After the Squall

In need of air, she unhinged every
window, revolving ones downstairs,
upstairs skylights, mid-floor French doors,
swept into the house the salt-brine,
the cricket chirp, the osprey whistle,
the sea-current, sound of the Sound,
but had not noticed the basement
bedroom window shielded by blinds,
screen-less. Later that night when they
returned home, lights illuminating
the downstairs hall, insects inhabited
the ground floor rooms. She carried handfuls
of creatures across a River Styx—
the katydids perched on lampshades,
beach tiger beetles shuttling across
floorboards, nursery web spiders splotching
the ceiling—trying to put back
the wild fury she had released.

More by Elise Paschen

Acrobat

The night you were conceived
we balanced underneath a tent,

amazed at the air-marveler,
who, hand-over-hand, seized the stars,

then braved the line to carry home
a big-top souvenir umbrella.

Earth-bound a year, you dare
gravity, sliding from the couch

to table. Mornings, on tiptoe, 
stretching fingers, you grab 

Saturn, Venus and the moons 
raining down from the sky of ceiling.

Division Street

                         ". . . Prayer book and Mother, shot themselves last Sunday."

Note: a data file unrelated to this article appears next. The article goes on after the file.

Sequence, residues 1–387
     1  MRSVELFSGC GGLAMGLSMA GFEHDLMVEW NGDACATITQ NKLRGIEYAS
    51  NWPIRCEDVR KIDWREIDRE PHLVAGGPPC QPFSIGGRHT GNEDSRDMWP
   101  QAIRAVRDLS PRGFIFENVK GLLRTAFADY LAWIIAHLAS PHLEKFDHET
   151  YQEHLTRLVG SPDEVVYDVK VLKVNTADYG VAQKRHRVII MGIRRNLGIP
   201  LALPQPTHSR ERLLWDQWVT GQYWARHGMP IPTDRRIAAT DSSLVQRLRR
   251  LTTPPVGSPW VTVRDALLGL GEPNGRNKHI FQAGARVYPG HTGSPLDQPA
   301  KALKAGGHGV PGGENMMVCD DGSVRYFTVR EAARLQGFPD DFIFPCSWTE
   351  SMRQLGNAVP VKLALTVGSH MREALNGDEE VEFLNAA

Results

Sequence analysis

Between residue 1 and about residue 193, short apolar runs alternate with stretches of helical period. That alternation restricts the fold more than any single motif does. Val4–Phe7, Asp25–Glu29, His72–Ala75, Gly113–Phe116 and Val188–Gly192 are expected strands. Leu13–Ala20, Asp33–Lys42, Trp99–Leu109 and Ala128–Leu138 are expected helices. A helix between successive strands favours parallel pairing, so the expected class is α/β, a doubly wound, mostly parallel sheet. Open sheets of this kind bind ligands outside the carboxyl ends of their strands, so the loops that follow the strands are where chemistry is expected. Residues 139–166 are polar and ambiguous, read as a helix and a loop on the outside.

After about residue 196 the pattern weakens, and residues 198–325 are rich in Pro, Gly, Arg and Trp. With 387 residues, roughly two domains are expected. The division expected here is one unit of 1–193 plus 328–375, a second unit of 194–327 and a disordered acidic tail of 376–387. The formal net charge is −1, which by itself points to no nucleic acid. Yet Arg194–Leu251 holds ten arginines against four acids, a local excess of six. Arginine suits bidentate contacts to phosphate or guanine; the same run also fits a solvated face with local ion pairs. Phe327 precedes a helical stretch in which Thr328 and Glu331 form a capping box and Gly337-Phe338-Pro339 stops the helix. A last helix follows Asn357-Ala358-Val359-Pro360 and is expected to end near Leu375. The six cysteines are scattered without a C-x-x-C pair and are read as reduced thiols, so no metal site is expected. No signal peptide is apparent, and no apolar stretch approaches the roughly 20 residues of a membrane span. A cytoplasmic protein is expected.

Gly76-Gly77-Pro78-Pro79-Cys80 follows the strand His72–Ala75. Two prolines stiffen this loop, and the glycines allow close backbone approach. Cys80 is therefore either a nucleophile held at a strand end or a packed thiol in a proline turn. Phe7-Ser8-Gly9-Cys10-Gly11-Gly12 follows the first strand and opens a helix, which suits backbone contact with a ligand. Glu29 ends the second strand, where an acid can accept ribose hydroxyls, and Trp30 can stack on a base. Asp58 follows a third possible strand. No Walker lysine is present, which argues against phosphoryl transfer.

Gwendolyn Brooks


The spire of Holy Name Cathedral rose like a prayer
above Chicago Avenue. I thumbed a leather-bound book
in catechism class, recited the Hail Mary. Fire and
devils blazed at night. The nuns told my mother
I had a calling. On Scott Street a man lay shot
dead in our alley. It was the Gold Coast.  They prided themselves
on sidewalks safe as shrines. I questioned God, the last
to leave the room. Riots flared in Cabrini-Green that Sunday.

Related Poems

The Thousand Somethings of Someone

Could have been
otherwise and 
birdsong make us 
nauseous. And
gigantic roiling sunsets
give us vertigo. The
world of flowers is
for insects, not 
us. But tonic
is durance among.